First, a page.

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Introduce this activity by describing an imaginary wall and indicating its location across the back of the room. 4. 2. 3. and those who would do anything to avoid conflict to stand at the far right. using the following questions as guidelines for both groups: • In what type of situation did you find your approach most effective? Give specific examples.) 5.Two Responses to Conflict: Fight or Flight 30–45 minutes PURPOSE: To give participants a chance to explore their responses to conflict and then consider the advantages and disadvantages of each response. This activity will give them an opportunity to discuss two general responses to conflict and the advantages and disadvantages of each. Allow about 5–10 minutes for discussions within each group. Explain that some people are ready to fight. Reconvene and ask for a report on the key points discussed. and some people are ready to run away. (If flipcharts are available. Ask participants to think about how willing they are to deal with a conflict when it occurs. • In what type of situation did you find your approach least effective? Give specific examples. 6. Have each group select a reporter and then discuss the advantages and disadvantages of the way these participants deal with conflict. Explain to participants that people often come to a conflict resolution workshop with fixed ideas based on early experiences with conflict. Ask those participants who say they really enjoy a conflict and are eager to address one when it occurs to stand at the far left of the wall. • How easy or difficult would it be to adapt your style to become more 5 . have the reporter list the pros and the cons of each approach on the chart. Have them think about which type of response is most typical for them. Lead a discussion. EQUIPMENT: None MATERIALS: None PROCEDURE: 1.

For example.50 Activities for Conflict Resolution effective? • Have each group select a reporter and then discuss the advantages and disadvantages of the way these participants deal with conflict. rather than the two extreme positions.” “Compromising. have the reporter list the pros and cons of each approach on the chart. TRAINER’S NOTES: Another way of using this activity would be to ask participants to regroup along the “wall” with a continuum in mind. DEBRIEF: There will generally be a continuum rather than two discrete positions in this activity. (If flipcharts are available.” or “Accommodating. 6 . and might be more appropriate under different circumstances. Allow about 5–10 minutes for discussion within each group. there will also be positions somewhere in between the two extremes illustrated. responses might also come under “Collaborating. However.” Each of the styles carries advantages and disadvantages.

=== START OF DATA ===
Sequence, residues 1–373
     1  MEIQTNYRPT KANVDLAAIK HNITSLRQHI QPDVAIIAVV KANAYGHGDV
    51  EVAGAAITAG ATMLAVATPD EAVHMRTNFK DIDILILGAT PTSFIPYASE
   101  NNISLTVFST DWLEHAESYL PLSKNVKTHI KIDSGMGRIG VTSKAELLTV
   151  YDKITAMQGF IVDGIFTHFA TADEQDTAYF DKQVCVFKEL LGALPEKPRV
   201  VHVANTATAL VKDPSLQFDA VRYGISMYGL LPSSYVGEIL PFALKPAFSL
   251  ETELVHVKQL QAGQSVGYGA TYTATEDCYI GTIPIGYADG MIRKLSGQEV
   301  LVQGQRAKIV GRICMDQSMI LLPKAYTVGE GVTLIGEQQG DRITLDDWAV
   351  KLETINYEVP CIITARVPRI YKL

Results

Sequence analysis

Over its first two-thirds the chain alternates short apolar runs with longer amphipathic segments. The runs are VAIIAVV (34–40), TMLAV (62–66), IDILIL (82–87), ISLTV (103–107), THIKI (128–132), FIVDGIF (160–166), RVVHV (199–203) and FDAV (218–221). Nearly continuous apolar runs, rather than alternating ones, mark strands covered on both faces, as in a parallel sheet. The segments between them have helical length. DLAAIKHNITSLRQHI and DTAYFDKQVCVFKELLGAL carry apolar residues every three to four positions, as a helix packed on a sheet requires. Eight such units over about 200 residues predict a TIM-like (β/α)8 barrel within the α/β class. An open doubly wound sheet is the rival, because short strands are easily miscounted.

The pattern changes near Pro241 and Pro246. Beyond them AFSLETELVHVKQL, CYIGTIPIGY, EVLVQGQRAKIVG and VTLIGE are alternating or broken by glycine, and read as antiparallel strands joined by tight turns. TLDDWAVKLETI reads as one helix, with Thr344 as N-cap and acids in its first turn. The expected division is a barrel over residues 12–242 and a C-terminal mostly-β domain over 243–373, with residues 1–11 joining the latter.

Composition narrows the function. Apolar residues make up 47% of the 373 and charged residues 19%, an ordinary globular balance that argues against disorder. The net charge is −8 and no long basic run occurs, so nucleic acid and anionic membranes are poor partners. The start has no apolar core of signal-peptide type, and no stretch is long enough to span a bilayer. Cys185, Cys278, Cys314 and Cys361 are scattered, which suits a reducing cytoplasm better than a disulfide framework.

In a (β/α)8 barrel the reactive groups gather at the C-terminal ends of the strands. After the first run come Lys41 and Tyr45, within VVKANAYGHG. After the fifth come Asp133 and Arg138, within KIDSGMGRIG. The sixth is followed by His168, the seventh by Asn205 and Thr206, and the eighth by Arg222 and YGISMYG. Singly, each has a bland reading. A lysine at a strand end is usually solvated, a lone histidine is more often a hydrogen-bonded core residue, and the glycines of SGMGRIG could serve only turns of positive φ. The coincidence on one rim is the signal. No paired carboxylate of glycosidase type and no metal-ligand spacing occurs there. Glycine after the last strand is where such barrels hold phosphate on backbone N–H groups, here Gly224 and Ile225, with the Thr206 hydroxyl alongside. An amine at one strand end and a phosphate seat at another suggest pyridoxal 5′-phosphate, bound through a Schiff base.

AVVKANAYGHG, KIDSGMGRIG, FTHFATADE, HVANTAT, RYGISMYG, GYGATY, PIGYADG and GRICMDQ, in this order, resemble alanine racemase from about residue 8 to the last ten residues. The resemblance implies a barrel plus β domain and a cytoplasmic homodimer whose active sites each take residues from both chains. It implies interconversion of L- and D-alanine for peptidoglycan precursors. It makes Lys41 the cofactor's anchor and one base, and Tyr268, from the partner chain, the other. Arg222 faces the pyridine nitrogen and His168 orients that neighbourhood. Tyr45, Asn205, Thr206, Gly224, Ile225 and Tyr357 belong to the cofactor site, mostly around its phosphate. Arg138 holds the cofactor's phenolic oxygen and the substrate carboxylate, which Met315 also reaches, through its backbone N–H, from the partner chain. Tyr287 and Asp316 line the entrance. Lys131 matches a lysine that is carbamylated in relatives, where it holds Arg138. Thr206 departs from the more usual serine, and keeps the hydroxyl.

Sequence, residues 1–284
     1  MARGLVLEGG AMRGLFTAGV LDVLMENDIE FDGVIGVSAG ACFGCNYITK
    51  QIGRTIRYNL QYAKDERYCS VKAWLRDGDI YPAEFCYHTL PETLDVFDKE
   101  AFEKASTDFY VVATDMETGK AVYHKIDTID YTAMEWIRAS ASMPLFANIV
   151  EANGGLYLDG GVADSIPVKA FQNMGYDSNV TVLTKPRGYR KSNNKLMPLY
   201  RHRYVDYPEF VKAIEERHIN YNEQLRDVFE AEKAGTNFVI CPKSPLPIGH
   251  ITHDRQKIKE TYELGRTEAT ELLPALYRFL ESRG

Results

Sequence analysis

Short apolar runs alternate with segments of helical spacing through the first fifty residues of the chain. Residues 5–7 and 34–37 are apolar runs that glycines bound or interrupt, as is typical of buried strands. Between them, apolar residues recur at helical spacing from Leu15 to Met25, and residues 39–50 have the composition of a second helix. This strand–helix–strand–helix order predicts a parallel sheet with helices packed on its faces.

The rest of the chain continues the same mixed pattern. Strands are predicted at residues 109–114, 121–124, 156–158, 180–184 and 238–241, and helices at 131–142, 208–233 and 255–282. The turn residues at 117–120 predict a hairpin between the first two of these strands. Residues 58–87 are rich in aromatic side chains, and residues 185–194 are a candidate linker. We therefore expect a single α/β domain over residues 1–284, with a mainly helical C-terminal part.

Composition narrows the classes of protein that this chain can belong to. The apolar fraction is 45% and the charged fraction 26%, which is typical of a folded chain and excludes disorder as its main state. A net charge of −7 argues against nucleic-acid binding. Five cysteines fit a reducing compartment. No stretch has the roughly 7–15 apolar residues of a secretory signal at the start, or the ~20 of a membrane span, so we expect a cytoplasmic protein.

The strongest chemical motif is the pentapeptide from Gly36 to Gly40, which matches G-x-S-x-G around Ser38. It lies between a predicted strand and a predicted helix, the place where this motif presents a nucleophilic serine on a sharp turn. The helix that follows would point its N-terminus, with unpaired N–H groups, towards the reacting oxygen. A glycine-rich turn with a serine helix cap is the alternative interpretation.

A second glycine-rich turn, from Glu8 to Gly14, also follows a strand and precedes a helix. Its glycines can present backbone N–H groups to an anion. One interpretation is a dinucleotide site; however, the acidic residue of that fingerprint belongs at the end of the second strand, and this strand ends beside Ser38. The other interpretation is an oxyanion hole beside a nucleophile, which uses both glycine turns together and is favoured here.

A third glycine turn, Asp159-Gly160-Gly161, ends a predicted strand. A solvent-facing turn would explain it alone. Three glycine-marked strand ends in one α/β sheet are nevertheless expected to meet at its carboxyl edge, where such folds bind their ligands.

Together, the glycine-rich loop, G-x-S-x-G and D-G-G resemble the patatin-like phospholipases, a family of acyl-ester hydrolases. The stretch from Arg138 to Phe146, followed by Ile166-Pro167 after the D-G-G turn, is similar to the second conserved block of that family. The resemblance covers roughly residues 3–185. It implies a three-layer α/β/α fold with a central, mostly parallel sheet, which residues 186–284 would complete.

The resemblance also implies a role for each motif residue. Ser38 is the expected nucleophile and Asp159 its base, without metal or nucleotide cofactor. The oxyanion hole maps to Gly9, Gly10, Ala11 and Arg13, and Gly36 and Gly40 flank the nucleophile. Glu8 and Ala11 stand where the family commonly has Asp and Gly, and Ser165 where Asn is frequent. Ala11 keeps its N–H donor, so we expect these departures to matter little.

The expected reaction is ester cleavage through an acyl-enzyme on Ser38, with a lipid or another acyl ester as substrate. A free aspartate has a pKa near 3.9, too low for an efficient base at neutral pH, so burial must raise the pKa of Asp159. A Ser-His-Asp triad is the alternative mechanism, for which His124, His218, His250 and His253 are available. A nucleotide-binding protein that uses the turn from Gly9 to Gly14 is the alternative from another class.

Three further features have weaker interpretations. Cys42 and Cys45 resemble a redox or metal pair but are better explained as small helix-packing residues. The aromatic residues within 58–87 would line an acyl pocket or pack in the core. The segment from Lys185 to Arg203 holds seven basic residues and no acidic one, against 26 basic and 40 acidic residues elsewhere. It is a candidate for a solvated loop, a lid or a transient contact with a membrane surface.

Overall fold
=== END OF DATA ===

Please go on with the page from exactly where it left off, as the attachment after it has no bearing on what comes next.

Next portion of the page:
have them sit in such a way that their knees will be braced against each other. 5. Once they get the idea of partnering rather than trying to defeat one another. Ask for volunteers to demonstrate the concept of “Win-Lose” and “Win-Win. and ask them to sit in such a way that they can arm wrestle. • Ask the volunteers at what point they remember thinking that there might be a better way to accomplish their goals than struggling to win. (With no table. 2. 4. Money. suggest that opponents think about partnering so that both sides can win.) 3. On the third or fourth round. Allow several rounds and give out prizes to each winner.How Can We Both Win? A Quick Demonstration 10 minutes PURPOSE: To help participants understand the difference between working against one another and working together toward a mutual end when resolving a dispute. Candy. asking questions such as: • • • • What happened here? Were there any surprises? What lessons were learned in this activity? Ask the participants if they can recall at what point they began to think that the two volunteers ought to work out a plan so that both would win. put it between the volunteers. they then realize that they can work back and forth in such a way that each can take turns winning and earn prizes. or Trainer’s Choice PROCEDURES: 1. 7 . Explain that you will give a prize to the winner each time an opponent is beaten. The activity is then over. EQUIPMENT: None MATERIALS: Prizes.” Select two volunteers of the same sex and have them come to the front of the room. Lead a discussion. If there is a small table available. Explain that they are going to compete in an arm wrestling match. Ask them to sit face to face.

50 Activities for Conflict Resolution DEBRIEF: It’s natural for one party to want to win at the expense of the other. yet a situation can be constructed with some negotiating so that the struggle is easier and both sides will come away feeling good. another Win-Win! 8 . Hence.

II KNOW YOURSELF .